Van Halen spent some time in the studio for their third album, which freed them to experiment with overdubs and more complex fixes. Buried in future concert staples like “Romeo Delight,” “Everyone Wants Some !!” and “And the Cradle Will Rock …” on the first page of the album, “The” Fools “found the band that supersimizes one of their club-day songs. It ends up being an epic, with an extended opening solo guitar, a sudden Godzilla guitar and one of the album’s most undeniable chords.
“A Foot in the Door Show”
From: Fair warning (1981)
Even Women and Children First“And the Cradle Will Rock …” is Van Halen’s first song featuring keyboards, the electric piano riff is driven by a phase shifter and amp, and combines sound like a guitar. On the other hand, make no mistake Fair warning“One Foot Out the Door” (and the previously helpful “Sunday Afour in the Park”) is powered by a synthesizer. The instrument adds an exciting new dimension to the band’s sound, leading to tremendous success in the “Jump” crossover three years later. The two-minute “One Foot Out the Door” devotes half of its time to running one of Eddie Van Halen’s most inspiring solo productions.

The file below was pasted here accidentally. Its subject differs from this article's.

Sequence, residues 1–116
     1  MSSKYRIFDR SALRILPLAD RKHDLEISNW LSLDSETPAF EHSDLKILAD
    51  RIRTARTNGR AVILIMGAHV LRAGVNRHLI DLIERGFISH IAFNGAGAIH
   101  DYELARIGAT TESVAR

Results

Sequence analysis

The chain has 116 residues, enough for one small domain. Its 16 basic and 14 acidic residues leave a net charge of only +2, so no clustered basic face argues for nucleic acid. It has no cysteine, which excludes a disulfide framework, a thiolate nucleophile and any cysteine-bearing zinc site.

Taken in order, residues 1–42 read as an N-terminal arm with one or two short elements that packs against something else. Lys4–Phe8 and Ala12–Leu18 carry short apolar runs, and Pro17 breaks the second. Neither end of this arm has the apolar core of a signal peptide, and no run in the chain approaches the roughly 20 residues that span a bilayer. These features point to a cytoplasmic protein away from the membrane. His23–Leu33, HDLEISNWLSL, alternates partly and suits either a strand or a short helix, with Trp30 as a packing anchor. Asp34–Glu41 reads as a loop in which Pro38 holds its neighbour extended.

“The Full Bug”
From: Dive Down (1982)
Dive Down mainly remembered for its compromises. Using years of continuous touring and recording, Van Halen recorded Roy Orbison’s “(Oh) Pretty Woman” as a single time seller. The plan came back. When the song hit, the label asked for a new album – right away. The exhausted group disassembled a 31-minute set that included three instruments and four more cover songs. It all came as a shock, as the band showed new depth and subtlety on tracks like “Secrets” and “Little Guitars.” Oddly enough, a couple of the album’s new direct rock songs have disappeared from the shuffle. “The Full Bug” is better than two, featuring a peacocking Roth vocal as well as a wonderful acoustic guitar and harmonica performed by the singer.
“Drop Dead Legs”
From: 1984 (1984)